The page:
More often than not, disputes are inevitable in business relationships and commercial transactions. It is open to the parties to choose whether to follow the normal channel for determination of controversy through the machinery of the courts or submit the matter to alternative dispute resolution methods (ADR). Where the latter is the case, a dispute resolution clause is inserted beforehand in the contractual document be-tween parties that in the event of a dispute, par-ties would explore opportunities for amicable settlement. The clause is often drafted to make reference to alternative dispute resolution methods (negotiation, mediation, arbitration) a condition precedent to the institution of a court action (in the event that the dispute cannot be otherwise resolved through ADR). Where parties have inserted arbitration clauses in their agreements, any dispute that falls within the scope of the arbitration clause is accordingly referred to arbitration ac-cording to the provisions of the clause. Arbitral tribunals are made up of private individuals and their jurisdictions depend on the agreement or consent of the disputing parties before them. The Arbitration and Conciliation Act (Cap A18, Laws of Nigeria 2004) applies to all arbitrations in Nigeria. It was promulgated with the declared intention of providing a unified legal framework for the fair and efficient settlement of commercial disputes by arbitration and conciliation, and it is modeled on the United Nations Commission on International Trade Law (UNCITRAL) Model Law on International Commercial Arbitration 1985 (Model Arbitration Law), with modifications. The Act also makes the Convention on the Recognition and Enforcement of Arbitral Awards (New York Convention) applicable to any award in Nigeria or any contracting state, arising out of international commercial arbitration. Unlike the private consensual arrangement for resolving dispute under arbitration, the power or competence of the courts to resolve dispute is expressly stipulated for by the Constitution of the Federal Re-public of Nigeria, 1999. Under the Constitution, the judicial powers of the Federation and States are vested in the regular courts listed in Section 6 paragraph (5) of the 1999 Constitution. The nature of the dispute that the courts can look into is specified by the Constitution. Thus, the jurisdiction of the regular courts are, in some instances, expressly stipulated to be limited or restricted to specific areas of law or subject-matter; and, at other times specified to be unlimited. For instance, the jurisdiction of the Federal High Court is exclusive over items listed in section 251 (1) of the Constitution; and, in those items where its jurisdiction is precluded, the State High Courts are clothed with unlimited jurisdiction. There is also the adjudicatory process before Tribunals (which the Constitution recognizes can be set up by the National Assembly and the State Houses of Assembly), and the appellate system for the review of decisions of the lower courts. The High Court plays a major role in the administration of the justice system in every state and to ease the problems of congestion or long-gestation hearing of matters, new Civil Procedure Rules have been introduced in the various State High Courts. These Rules emphasize the importance of the need for economy, expedition, and achieving equality between the par-ties. They also provide for speedier conclusion of cases by requiring counsel to front-load their cases, the Judge to operate a more proactive case management system and the substitution of written arguments for oral addresses in many cases. The Rules generally provide time limits within which lawyers must take steps in the litigation process. In a further effort to speed up the hearing process, Lagos State has created a commercial division of its High Court specifically for the hearing of commercial matters.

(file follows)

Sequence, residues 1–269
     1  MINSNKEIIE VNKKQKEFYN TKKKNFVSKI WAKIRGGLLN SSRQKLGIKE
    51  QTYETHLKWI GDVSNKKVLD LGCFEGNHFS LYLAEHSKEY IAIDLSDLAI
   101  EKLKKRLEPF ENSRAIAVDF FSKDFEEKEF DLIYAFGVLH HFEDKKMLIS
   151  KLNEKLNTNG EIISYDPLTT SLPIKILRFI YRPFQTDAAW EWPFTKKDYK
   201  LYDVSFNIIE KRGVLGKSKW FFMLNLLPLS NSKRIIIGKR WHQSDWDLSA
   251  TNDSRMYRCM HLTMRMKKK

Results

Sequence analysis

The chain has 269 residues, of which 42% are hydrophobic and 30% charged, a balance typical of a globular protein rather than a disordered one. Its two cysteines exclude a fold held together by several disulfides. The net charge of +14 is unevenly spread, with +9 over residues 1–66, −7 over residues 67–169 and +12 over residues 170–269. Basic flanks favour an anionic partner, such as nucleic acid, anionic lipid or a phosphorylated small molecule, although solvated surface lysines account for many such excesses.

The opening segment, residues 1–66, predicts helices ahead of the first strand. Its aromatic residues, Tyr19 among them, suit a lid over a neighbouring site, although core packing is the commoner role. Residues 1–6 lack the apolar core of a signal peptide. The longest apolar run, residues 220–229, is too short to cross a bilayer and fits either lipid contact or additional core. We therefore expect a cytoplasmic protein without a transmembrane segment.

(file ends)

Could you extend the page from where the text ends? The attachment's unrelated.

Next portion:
II. Right of actions of unincorporated foreign companies in Nigeria